Gordon James, a Bush organizer in Phoenix, said Arizona is "extremely significant" to the Bush campaign. "It sounds far-fetched, but Arizona is on the map," he said. Hull's endorsement of Bush appears to have played a major role in Bush's new-found interest in the state. The governor's defection from the state's favorite son was a big coup for Bush, although McCain's camp downplays its relevance inside the state.
Gordon contends the governor's endorsement was strategically significant, a sign that Arizona is winnable by an outsider. "When it's real logical, it's not necessarily so important," he said. "But in this case, when it's not so logical, it's really important."
Steve Forbes also sees the Hull endorsement as a sign that Arizona is up for grabs. Forbes spent nearly $4 million here in 1996 to win the state's first GOP presidential primary, a feat that embarrassed McCain, who was marshalling Bob Dole's forces at the time. The publisher appears ready to devote as much money as attention to Arizona as he did four years ago. Forbes has 12 staff members in Arizona, and has made four trips to the state since his official kick-off in March. He next plans to conduct a town hall meeting in the retirement community of Sun City on Oct. 29.
"We've been up and running since the day he announced," said Bert Coleman, Forbes' Arizona coordinator. "It seems it's taken these other campaigns a while to figure out Arizona is not a slam dunk for any presidential candidate."
In 1996, Forbes brutalized Bob Dole in a 1996 television campaign that set records for spending in Arizona. This year, his aides said, things will be different. "We are not going to just have an air campaign," Coleman said. "In order to be very competitive in Arizona, we fully expect to assist Gov. Bush and his campaign in spending every dollar he has raised."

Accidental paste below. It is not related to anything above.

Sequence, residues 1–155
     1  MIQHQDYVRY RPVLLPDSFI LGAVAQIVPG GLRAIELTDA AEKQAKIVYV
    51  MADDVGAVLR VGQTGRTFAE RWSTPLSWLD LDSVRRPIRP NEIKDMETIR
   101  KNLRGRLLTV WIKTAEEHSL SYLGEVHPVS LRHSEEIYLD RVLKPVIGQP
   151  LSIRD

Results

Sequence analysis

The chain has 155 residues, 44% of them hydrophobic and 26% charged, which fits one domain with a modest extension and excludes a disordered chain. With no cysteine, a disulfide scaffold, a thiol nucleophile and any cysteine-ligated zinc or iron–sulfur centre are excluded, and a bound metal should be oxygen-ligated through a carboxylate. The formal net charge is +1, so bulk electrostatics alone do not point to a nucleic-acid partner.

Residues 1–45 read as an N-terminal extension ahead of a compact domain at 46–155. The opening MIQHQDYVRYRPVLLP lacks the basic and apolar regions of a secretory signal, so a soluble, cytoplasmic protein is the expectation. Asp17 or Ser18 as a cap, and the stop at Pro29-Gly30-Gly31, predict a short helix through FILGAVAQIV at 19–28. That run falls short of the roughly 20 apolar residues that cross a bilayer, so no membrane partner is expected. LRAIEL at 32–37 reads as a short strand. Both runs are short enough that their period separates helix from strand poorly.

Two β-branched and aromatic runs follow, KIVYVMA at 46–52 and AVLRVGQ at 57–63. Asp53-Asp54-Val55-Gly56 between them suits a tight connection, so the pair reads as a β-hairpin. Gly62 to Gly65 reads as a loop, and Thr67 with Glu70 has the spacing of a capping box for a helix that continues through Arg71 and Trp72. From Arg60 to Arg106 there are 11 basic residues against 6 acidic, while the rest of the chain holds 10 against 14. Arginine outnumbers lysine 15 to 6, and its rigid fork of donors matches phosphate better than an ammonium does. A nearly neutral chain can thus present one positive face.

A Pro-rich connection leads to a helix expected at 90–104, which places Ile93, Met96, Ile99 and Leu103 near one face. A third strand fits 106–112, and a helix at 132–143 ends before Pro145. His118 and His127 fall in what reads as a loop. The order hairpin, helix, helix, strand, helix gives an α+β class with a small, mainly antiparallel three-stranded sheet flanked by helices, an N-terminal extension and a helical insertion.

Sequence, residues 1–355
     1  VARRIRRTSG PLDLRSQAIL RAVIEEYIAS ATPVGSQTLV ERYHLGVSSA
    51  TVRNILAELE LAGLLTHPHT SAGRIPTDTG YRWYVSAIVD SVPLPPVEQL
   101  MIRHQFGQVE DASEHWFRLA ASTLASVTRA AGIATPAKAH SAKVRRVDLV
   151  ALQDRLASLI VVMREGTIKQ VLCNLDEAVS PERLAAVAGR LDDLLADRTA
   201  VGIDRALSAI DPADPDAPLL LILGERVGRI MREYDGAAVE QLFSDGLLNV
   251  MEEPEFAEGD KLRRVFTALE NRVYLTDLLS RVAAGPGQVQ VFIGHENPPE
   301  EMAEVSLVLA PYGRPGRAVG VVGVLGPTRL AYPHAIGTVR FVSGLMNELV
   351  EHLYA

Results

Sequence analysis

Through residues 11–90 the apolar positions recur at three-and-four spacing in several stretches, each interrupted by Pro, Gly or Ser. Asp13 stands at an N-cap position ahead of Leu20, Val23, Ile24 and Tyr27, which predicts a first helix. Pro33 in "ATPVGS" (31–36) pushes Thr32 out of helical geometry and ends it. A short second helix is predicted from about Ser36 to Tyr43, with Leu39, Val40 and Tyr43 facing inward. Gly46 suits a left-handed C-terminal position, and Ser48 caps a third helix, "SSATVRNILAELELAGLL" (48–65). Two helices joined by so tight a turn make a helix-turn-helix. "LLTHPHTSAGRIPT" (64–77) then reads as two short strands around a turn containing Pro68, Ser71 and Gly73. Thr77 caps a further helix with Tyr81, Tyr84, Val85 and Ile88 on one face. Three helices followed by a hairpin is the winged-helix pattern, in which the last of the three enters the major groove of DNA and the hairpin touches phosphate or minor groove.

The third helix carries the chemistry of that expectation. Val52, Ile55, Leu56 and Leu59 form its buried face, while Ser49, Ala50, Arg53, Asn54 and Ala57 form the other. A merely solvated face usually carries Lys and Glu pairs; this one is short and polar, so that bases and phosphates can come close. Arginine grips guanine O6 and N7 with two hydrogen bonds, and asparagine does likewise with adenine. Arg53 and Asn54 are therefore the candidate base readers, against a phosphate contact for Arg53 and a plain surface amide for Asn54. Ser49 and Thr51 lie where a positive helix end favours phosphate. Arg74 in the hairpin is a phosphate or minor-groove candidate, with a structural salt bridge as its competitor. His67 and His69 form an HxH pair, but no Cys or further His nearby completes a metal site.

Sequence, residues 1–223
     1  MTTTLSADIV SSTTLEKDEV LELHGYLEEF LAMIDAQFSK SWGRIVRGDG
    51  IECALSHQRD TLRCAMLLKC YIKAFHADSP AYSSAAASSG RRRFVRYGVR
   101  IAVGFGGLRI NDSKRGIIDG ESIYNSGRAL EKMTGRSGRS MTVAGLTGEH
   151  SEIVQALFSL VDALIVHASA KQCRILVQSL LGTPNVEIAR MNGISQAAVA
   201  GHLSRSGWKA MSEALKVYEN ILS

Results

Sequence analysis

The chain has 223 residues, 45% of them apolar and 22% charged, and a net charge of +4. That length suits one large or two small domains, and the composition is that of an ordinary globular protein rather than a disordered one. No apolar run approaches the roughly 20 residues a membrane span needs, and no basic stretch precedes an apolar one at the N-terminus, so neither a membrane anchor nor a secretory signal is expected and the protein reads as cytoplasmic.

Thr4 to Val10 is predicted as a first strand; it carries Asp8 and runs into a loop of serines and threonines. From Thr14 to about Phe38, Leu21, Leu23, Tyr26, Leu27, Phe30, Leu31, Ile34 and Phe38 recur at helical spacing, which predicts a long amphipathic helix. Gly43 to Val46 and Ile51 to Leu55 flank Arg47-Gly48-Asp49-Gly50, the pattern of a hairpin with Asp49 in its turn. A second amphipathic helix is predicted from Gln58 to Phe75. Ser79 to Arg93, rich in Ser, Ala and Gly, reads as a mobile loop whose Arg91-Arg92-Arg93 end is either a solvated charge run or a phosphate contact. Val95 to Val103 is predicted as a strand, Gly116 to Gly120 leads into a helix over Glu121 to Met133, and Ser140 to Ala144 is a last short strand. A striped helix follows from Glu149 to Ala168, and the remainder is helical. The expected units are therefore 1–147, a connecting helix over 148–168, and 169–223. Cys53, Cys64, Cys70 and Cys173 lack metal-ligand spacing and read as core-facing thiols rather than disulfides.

Running hard in Arizona is something McCain has not had to do very often. He barely campaigned in Arizona in 1998, but he managed to amass a broad network of financial supporters. Bush even appeared in Scottsdale to help McCain raise reelection funds at a Western barbecue.
McCain jokingly says he welcomes Bush's newfound interest in Arizona because of the financial boon to the state's economy. After all, McCain said, his GOP rival travels "like an Oriental potentate. I really welcome (Bush and Forbes) spending all that money in Arizona," he said.
All joking aside, recent polls show McCain has suffered as a result of his opponents focus on Arizona. A poll conducted by ASU's Merrill showed Bush leading McCain 31 percent to 22 percent, with Steve Forbes trailing with 10 percent. A more recent poll, released earlier this week by Northern Arizona University, showed McCain ahead of Bush by 11 points, though the two were still close when considering the poll's margin of error.
McCain dismisses the polls, particularly those taken by Merrill, who worked on McCain's first congressional campaign. "I am not concerned. We are doing fine," McCain said, attributing much of Bush's strong showing in the state to "just name ID."
McCain certainly has a bedrock of support in his home state. He has picked up endorsements from most of the Arizona GOP "Who's Who," including House Speaker Jeff Groscost, Senate President Brenda Burns and state school superintendent Lisa Graham Keegan, along with an impressive donor list.
"Before it's over this race between Bush, McCain and Forbes will be the most interesting, the most intense election in the history of Arizona," ASU's Merrill said.
Despite what the polls show and pundits say, McCain is still confident that, "We're not going to have to spend a lot of money in Arizona. I'm known in Arizona. I'm known by our people. I'm known by our voters."
And that may be part of his problem.